Wednesday 9 December 2015

Mum's orange cake

A few weeks ago, my mum died. There's so much to say but I just don't have the words right now so I'll stick to talking about cakes, which seems appropriate here in this space - specifically this cake, which is the first one my mother taught me to make. It's the one that was routinely requested for birthdays in my family, the one most often packed in school lunchboxes. In a time before food processors, she showed me how to cream butter and sugar with the natural warmth of my hand. She taught me how to separate eggs, how to beat yolks in, one at a time so as not to curdle the mixture. How to gently fold in flour, to beat egg whites into stiff peaks and use them to aerate a batter. From her I learned how to grease a tin, to butter comprehensively and dust with flour. She taught me to use a skewer to test whether a cake was ready to come out of the oven, to trust my nose to know when to check. In many ways, I'm a naturally anxious person - I routinely fret about things that need not be fretted about - but the one part of my life that I'm truly confident - where I do not fret - is in baking. And that's because of her

This recipe is one I photocopied and packed when I moved out of home. Mum must have ripped it out of a magazine at my grandparents' place I imagine (it was never her style to buy something so frivolous but she couldn't resist reading one if it was lying around, especially the recipe section). From the date at the bottom of the page I know it's from two months after I was born, so effectively, she's been making it all my life. There are several recipes on the page but Mum has annotated this one with an asterisk and in her amazingly consistent handwriting, which now brings me to tears, she declares it excellent. And so do I.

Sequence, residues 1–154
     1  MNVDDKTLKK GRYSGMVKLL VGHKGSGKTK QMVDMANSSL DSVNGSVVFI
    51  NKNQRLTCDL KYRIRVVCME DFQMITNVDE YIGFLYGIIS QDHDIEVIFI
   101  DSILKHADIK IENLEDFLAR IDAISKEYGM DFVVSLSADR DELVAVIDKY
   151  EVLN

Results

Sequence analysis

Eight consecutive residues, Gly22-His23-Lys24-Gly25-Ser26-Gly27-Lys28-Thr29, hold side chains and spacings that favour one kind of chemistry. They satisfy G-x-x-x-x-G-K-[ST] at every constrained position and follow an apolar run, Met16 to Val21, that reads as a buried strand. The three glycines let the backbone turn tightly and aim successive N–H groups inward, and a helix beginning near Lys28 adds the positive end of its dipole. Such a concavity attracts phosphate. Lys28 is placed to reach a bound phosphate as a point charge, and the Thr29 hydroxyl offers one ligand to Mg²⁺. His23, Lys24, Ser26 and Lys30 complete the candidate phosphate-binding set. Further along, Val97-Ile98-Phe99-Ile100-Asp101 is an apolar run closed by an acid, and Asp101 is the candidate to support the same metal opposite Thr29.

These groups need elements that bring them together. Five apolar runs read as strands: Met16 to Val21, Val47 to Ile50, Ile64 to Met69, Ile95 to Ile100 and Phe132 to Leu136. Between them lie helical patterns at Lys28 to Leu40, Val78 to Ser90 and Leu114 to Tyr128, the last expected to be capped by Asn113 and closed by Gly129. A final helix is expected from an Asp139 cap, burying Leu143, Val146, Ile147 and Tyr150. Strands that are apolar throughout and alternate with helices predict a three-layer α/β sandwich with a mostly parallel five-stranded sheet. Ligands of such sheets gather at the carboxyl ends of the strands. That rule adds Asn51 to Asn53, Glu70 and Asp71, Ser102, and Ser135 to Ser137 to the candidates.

Mum's orange cake
Adapted from a recipe in Woman's Day, May 20, 1974

If you don't have a ring tin, don't let that stop you - you can certainly make this in any shape you like.

4 oz butter
3/4 cup caster (superfine) sugar
2 eggs
grated rind and juice of one orange
1 cup self-raising flour (or one cup plain with 2 teaspoons baking powder)
pinch of salt

1 oz butter
1 tablespoon grated orange rind
1 tablespoon orange juice
2 cups sifted icing sugar

Preheat oven to moderate - 180 deg C / 350 deg F. Grease and flour a ring tin. 

Cream butter, gradually add orange rind and sugar. Beat until light and fluffy. Separate eggs and add yolks one at a time. Beat well. Sift flour and salt, fold into creamed mixture alternately with orange juice. Lastly fold in stiffly beaten egg whites and turn mixture at once into tin and bake 35-40 minutes, or until a skewer inserted in the cake comes out clean. 

Turn out on wire rack to cool. 

Ice with orange frosting.

Orange frosting: Cream butter and orange rind well together. Add orange juice and gradually beat in icing sugar til it is smooth and a good spreading consistency.


  1. Start with one cake and take one step .... And then one more .... Your Mum would be proud of you holding up the tradition. Thinking of you heaps.

  2. Warm thoughts and wishes from Lone, Copenhagen

  3. Beautiful Alice, such an old fashioned classic, the orange cake I can almost smell it. Take care and keep baking.

  4. Alice,
    I've read your Orange Cake story with tears in my eyes. It is very touching and I shall make the cake with your memories in mind. You don't know me, but I knew your dear mother at Book Club and always loved the cakes she brought for dessert, as well as her intellect and insights into the books we shared. I miss her. I love the way you write about her, and the way you write generally, and I love your recipes! Thank you for a beautiful blog. Coco the Burlesque Wonder Cake was a winner with my friends last week.

    1. So lovely of you to write Wendy, thanks. It means a lot.